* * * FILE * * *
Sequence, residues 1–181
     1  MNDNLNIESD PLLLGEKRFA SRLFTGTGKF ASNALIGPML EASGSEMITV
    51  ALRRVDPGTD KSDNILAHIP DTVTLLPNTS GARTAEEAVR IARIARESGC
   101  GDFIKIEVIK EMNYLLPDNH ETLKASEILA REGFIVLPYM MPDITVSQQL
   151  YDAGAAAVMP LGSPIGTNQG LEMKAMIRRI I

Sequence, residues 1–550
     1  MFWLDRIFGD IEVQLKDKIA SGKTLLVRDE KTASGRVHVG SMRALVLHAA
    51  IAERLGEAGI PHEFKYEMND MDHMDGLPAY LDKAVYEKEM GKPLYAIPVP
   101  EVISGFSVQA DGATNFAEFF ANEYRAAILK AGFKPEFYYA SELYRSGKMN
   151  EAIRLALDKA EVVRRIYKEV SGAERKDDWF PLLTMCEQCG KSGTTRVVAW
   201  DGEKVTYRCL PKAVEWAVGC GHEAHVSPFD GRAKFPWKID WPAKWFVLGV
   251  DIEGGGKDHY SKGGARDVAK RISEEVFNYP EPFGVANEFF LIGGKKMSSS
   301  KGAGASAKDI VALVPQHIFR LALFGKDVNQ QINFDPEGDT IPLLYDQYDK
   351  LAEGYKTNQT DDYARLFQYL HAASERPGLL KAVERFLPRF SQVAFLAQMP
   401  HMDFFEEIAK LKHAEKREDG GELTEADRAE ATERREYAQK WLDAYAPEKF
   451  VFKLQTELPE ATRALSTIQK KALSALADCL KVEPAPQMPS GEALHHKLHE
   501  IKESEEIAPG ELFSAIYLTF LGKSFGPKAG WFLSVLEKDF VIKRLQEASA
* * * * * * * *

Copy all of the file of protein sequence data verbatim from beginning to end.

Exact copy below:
Sequence, residues 1–181
     1  MNDNLNIESD PLLLGEKRFA SRLFTGTGKF ASNALIGPML EASGSEMITV
    51  ALRRVDPGTD KSDNILAHIP DTVTLLPNTS GARTAEEAVR IARIARESGC
   101  GDFIKIEVIK EMNYLLPDNH ETLKASEILA REGFIVLPYM MPDITVSQQL
   151  YDAGAAAVMP LGSPIGTNQG LEMKAMIRRI I

Sequence, residues 1–550
     1  MFWLDRIFGD IEVQLKDKIA SGKTLLVRDE KTASGRVHVG SMRALVLHAA
    51  IAERLGEAGI PHEFKYEMND MDHMDGLPAY LDKAVYEKEM GKPLYAIPVP
   101  EVISGFSVQA DGATNFAEFF ANEYRAAILK AGFKPEFYYA SELYRSGKMN
   151  EAIRLALDKA EVVRRIYKEV SGAERKDDWF PLLTMCEQCG KSGTTRVVAW
   201  DGEKVTYRCL PKAVEWAVGC GHEAHVSPFD GRAKFPWKID WPAKWFVLGV
   251  DIEGGGKDHY SKGGARDVAK RISEEVFNYP EPFGVANEFF LIGGKKMSSS
   301  KGAGASAKDI VALVPQHIFR LALFGKDVNQ QINFDPEGDT IPLLYDQYDK
   351  LAEGYKTNQT DDYARLFQYL HAASERPGLL KAVERFLPRF SQVAFLAQMP
   401  HMDFFEEIAK LKHAEKREDG GELTEADRAE ATERREYAQK WLDAYAPEKF
   451  VFKLQTELPE ATRALSTIQK KALSALADCL KVEPAPQMPS GEALHHKLHE
   501  IKESEEIAPG ELFSAIYLTF LGKSFGPKAG WFLSVLEKDF VIKRLQEASA